It’s 6:45 a.m., and you wake with a start to the irritating sound of your alarm clock going off. Your brain is still waking up, but you know you’ve got to be mentally prepared: You have a duty to complete. You have planned and plotted for this for days in advance, and even stayed up late the night before finalizing your plans. Will you be using a school computer, or will you use your own laptop? Which has the fastest Internet connection? What time is it again? It’s getting closer to 7 a.m. Have you copied and pasted your CRNs somewhere for quick access? Wait. What time is it?
It’s now 6:59 a.m., and the next few minutes you spend signing up for classes will determine the rest of your semester. Here at the College of William and Mary, we have become accustomed to the stressful nature of registration, but this process is antiquated in many ways. With certain changes, registration could become much easier.
One possible solution would be to start registration with a ranking system. Working out the details of this plan would be incredibly complicated — but that would be the case with any large-scale change. Prior to registration, all students would complete an online form where they would rank the courses they want to take in order from most to least wanted. For example, if I wanted to take five classes this semester I would rank those courses from one to five. On this same worksheet, students would indicate alternate sections of the courses if available and any other classes they would be interested in. Seniority would still prevail in preferences regarding course selection, but the idea is that a preliminary schedule would be generated electronically for each student and in that schedule each student would be guaranteed to get at least one of his top picks for classes — and hopefully more. After the generation of these preliminary schedules, the actual registration period would begin, where students would adjust their schedule in the same manner we do now. Then, of course, students would stalk Banner. This system is very similar to one the University of Chicago uses, which is just one of many other schools using methods more effective than ours. It may be a good idea to take a cue from some of our fellow colleges and universities.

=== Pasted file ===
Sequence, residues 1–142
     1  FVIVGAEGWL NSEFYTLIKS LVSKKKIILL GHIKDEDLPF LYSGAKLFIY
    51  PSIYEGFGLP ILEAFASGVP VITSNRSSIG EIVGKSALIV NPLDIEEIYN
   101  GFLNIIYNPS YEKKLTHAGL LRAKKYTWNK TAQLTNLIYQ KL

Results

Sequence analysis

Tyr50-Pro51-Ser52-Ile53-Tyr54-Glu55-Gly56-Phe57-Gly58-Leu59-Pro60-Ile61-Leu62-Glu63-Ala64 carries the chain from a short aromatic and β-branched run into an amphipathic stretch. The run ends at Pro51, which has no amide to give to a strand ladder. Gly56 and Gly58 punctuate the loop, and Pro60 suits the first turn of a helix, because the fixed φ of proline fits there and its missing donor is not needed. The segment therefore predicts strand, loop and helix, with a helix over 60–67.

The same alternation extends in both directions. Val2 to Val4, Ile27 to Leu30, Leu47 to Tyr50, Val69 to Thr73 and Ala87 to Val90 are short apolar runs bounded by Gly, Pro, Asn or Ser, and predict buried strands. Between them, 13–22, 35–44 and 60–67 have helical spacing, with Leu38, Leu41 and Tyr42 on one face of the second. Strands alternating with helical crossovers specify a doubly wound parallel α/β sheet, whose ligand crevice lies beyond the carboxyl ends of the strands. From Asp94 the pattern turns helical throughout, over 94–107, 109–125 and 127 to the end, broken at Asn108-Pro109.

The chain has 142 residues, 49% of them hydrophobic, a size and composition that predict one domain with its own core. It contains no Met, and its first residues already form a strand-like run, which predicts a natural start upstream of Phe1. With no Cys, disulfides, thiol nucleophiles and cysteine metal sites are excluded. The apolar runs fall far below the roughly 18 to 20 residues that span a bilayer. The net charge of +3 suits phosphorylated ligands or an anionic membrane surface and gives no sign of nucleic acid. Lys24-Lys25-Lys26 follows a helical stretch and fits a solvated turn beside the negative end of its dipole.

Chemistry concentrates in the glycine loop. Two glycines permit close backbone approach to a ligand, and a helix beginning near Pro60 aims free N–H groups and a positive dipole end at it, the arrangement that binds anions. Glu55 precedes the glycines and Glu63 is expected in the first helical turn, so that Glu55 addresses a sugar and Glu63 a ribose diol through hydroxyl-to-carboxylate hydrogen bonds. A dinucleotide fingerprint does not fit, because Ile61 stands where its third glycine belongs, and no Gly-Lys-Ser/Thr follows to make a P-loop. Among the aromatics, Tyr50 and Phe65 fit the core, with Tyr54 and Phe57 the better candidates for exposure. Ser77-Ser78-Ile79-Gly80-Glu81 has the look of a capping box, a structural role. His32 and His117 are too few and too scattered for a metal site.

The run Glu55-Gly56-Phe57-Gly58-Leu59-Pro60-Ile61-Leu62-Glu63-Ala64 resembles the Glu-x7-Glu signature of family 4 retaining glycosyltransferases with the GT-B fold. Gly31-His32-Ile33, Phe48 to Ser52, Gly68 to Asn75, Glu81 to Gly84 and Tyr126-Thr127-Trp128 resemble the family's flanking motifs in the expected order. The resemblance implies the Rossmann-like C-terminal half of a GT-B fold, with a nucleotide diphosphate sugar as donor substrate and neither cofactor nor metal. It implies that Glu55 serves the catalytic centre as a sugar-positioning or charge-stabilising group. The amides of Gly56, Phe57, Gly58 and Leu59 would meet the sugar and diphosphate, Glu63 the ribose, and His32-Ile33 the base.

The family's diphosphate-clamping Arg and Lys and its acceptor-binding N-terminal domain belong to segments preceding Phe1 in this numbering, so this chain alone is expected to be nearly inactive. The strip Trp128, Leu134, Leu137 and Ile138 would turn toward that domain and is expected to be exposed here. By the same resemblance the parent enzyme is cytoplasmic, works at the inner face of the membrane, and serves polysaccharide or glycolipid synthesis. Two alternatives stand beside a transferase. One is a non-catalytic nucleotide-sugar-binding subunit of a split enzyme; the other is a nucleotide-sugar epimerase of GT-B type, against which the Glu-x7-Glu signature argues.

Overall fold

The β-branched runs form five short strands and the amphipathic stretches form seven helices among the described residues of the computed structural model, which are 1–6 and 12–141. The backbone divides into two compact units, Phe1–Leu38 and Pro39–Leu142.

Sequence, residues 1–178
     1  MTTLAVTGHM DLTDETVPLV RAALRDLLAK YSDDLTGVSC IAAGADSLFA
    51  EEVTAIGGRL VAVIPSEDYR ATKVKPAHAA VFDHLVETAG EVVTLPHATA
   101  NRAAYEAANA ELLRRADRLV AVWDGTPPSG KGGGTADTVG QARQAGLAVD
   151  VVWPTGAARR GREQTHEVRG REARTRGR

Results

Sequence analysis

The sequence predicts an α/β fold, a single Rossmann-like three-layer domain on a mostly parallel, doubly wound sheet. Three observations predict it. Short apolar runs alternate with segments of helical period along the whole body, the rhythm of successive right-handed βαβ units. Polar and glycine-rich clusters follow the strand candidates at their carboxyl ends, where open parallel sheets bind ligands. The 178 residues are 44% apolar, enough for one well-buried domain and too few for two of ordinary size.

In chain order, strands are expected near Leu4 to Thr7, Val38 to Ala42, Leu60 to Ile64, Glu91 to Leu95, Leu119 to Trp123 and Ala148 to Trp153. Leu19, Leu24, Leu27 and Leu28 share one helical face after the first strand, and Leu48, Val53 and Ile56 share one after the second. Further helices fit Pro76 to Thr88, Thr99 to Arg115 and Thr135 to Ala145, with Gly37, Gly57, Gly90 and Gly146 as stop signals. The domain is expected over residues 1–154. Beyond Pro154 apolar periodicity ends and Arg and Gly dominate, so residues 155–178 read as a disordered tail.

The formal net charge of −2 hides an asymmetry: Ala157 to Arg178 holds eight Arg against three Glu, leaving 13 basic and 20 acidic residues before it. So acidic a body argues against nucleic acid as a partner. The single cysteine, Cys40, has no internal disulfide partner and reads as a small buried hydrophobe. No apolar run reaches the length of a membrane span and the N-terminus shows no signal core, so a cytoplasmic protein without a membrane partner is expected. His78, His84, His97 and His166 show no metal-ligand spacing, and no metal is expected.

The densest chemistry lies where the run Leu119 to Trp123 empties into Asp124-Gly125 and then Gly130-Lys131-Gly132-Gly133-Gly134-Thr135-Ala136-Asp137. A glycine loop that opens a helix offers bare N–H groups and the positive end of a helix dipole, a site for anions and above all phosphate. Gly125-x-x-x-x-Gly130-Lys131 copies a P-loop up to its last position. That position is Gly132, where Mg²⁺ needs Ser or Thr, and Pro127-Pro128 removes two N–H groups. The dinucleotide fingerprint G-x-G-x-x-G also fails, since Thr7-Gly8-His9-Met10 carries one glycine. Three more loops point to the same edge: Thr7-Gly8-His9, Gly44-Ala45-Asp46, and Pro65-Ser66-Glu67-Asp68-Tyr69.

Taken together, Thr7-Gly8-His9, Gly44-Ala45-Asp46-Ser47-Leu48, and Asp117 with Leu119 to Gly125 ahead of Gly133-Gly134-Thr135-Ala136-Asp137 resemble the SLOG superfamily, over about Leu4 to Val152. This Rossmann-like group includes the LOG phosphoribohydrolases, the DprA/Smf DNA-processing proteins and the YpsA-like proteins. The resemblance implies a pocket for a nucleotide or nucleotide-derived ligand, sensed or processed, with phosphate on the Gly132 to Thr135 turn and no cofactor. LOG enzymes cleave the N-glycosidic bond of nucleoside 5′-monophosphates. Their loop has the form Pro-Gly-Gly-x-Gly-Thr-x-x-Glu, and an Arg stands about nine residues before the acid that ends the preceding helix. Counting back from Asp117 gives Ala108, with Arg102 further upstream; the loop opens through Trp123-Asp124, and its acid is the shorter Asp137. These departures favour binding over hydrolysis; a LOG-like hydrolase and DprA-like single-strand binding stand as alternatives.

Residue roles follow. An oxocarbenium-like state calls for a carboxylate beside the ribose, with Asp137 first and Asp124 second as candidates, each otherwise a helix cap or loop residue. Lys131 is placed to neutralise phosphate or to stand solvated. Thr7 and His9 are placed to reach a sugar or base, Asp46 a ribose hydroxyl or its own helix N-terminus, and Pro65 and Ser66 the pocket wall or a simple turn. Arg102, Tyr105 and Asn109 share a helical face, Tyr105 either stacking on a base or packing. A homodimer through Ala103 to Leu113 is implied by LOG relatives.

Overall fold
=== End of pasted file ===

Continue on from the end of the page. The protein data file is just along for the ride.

Of course, not all improvements would have to re-work the fundamental structure of the system. For instance, making it mandatory for professors to provide a syllabus for their class, along with the course listing, prior to registration is a small change that could make a big difference. If students had access to syllabi at the beginning of the process, they would have the opportunity to compare classes and their various formats and schedules long before they enter the classroom. For many, seeing something on the syllabus that does not match their personal learning style (perhaps a class that has too many projects when the student prefers a flat format of three exams) is the determining factor for whether they stay in the class. If they decide to drop the class, their whole schedule may become undone; they may have to work from scratch to reorganize it. A mandatory syllabus could help the registration process run more smoothly and create a more transparent environment earlier for students and teachers alike.
Registration can be a nightmare, but it doesn’t have to be. These thoughts certainly aren’t meant to be exhaustive, and surely many others on campus have innovative ideas on how to make this a better system, but the first step is to start the conversation. We go to an old school, rich in history and tradition. This does not give us license to resist change.
Email Gabriella Hafner at [email protected]